"This year I had something to prove: Get the Clippers back to the playoffs. Things didn't work out because of all our injuries Sam Cassell, Shaun Livingston, me. But if I can play a couple games now, I owe it to the fans and my team. Plus I just love to play."
Yet he needn't expect a warm reception in these final two weeks, with L.A. scheduled to face teams from the West's vaunted top nine in all six of its remaining games. You can be sure those teams were already treating those games as Ws, just like desperate Dallas did twice in a span of six days recently. Only now Brand is back to make the Clips unexpectedly problematic for their home games against the Rockets, Nuggets and Lakers and roadies at Golden State, New Orleans and Houston.
Chris Kaman is apparently out for the season with a freshly sprained ankle, but you figure that the Clips can be a nuisance from here to the finish line with Brand anchoring a front line that also features Corey Maggette and rookie Al Thornton.
"They've looked like some of the old Clipper teams lately -- a team playing for contracts," said one veteran Western Conference scout. "But their three best players probably play harder than anyone at their position in the league. Maggette, Thornton and Brand all play extremely hard."
Achilles injuries typically KO players for a full year but Brand made it back in eight months. Now to see if these final eight games are his last as a Clipper, with the 29-year-old holding the right to opt out of next season's $16.4 million and become a free agent July 1.
"The opt-out situation, I don't know what it's going to bring," Brand said, insisting that he hasn't made a decision.
As for signing a new long-term deal with the long-suffering franchise which finds itself drowning anew in the Lakers' considerable shadow, Brand said: "As long as everything's fair, I'm not looking to leave."
And maybe he shouldn't. The same scout we spoke to sees Brand and Kaman, when healthy, as "the best power forward/center combo in the NBA."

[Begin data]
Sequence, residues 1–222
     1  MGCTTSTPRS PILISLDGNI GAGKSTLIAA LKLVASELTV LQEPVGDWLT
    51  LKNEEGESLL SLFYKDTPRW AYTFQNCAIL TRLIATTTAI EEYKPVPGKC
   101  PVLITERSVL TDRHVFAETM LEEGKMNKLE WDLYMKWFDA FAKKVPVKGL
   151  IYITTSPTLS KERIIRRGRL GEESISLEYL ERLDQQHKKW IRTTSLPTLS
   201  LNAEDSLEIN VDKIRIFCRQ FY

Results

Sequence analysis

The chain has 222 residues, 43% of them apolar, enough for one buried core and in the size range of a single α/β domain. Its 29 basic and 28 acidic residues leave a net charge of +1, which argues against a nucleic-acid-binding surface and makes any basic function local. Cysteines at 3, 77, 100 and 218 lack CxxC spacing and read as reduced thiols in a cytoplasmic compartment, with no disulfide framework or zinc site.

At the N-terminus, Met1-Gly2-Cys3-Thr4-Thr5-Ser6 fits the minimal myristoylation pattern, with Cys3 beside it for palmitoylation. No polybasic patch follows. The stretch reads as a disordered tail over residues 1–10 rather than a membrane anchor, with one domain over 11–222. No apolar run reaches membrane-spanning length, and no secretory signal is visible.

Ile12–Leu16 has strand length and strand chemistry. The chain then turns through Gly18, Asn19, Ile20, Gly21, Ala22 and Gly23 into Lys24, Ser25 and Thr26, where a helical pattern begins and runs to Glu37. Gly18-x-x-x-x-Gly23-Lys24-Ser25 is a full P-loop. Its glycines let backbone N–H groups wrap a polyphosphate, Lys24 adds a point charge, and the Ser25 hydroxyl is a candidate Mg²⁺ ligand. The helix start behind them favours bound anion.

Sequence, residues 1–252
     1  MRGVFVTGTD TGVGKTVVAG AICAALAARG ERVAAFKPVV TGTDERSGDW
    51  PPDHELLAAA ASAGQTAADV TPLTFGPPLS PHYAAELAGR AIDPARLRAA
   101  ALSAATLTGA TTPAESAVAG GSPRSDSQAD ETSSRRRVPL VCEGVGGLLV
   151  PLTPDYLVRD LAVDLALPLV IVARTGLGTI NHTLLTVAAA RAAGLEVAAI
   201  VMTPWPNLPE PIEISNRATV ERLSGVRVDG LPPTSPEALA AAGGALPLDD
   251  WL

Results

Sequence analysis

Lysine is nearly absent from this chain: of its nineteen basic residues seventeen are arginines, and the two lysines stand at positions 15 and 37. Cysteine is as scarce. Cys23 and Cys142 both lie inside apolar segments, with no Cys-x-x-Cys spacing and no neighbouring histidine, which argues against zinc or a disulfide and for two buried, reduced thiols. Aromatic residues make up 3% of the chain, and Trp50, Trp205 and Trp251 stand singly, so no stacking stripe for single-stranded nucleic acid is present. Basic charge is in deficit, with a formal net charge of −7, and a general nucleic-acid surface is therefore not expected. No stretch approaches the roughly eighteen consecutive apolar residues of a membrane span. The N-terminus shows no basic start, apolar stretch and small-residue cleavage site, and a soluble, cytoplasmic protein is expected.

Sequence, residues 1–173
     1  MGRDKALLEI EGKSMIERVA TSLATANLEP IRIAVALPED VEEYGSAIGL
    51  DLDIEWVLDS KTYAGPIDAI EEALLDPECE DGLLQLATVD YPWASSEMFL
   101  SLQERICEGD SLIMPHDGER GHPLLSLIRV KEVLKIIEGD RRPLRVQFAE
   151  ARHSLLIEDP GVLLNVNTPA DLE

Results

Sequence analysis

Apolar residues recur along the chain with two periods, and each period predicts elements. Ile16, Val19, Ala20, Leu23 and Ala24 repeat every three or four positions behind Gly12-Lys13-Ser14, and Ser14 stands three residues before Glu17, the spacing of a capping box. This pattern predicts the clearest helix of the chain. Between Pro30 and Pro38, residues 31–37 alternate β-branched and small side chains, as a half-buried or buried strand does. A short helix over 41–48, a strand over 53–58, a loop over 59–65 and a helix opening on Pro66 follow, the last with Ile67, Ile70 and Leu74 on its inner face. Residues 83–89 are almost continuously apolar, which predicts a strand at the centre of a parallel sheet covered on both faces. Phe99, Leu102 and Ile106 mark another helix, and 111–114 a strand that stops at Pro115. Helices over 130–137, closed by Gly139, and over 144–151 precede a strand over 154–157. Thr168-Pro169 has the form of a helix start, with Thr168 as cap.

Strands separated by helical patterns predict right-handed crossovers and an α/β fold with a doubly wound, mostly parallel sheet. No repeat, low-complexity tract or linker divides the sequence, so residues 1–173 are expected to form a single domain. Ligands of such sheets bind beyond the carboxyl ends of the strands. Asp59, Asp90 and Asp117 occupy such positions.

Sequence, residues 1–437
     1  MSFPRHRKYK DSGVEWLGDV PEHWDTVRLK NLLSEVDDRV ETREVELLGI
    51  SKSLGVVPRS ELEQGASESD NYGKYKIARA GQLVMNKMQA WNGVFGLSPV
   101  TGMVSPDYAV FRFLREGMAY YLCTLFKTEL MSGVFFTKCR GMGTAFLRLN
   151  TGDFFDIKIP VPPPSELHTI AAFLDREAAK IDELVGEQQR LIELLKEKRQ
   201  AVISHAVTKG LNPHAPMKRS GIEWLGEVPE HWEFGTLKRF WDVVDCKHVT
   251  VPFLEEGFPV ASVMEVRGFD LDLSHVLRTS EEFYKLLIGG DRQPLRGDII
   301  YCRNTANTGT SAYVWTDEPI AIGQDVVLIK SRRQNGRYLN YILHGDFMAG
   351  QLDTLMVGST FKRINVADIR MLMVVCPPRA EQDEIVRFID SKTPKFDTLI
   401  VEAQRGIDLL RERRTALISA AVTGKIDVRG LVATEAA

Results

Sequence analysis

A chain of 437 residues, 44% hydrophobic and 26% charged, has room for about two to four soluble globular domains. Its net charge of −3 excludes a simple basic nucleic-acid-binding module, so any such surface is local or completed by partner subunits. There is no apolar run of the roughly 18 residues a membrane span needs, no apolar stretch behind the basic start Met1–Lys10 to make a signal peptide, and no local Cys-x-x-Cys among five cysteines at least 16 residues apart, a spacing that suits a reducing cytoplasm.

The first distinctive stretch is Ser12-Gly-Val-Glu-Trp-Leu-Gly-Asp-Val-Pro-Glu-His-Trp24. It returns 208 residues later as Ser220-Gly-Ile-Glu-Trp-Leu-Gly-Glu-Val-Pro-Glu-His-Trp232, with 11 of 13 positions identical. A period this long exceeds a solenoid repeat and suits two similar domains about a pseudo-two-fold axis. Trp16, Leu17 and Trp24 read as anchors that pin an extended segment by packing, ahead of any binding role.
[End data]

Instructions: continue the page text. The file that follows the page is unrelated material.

Brand, meanwhile, still sounds like the quirky center's biggest fan, even though you'll surely recall that Kaman was his opponent in the doomed one-on-one game that inflicted his injury.
Throwing out one more reason to come back now -- albeit before the big man got hurt Monday against Dallas -- Brand said: "I haven't played with the new and improved Chris Kaman yet."
It looks as though we might have to settle for eight 50-win teams in the West. Dallas and Denver remain on a 50-win pace, but Golden State needs a 5-2 finish to get there after suffering its first back-to-back defeats since Jan. 2 and Jan. 4 with this week's lopsided losses in San Antonio and Dallas.
Eight, however, would still be enough to set a new league record for one conference. Compare what's happening now to the 2000-01 season, when the West established the record with seven 50-win teams:
|West Standings as of Friday|
|West Standings in 2000-01|
It's been a rough week for one of our all-time favorites at Stein Line HQ. Golden State's Stephen Jackson shot a combined 3-for-23 in those aforementioned losses in his native Texas and was scarcely noticed Wednesday in Dallas when the Warriors played with nothing resembling their usual bounce and wound up getting dismantled by the returning Dirk Nowitzki and the team they (and Jackson specifically) so memorably humbled in last spring's first round.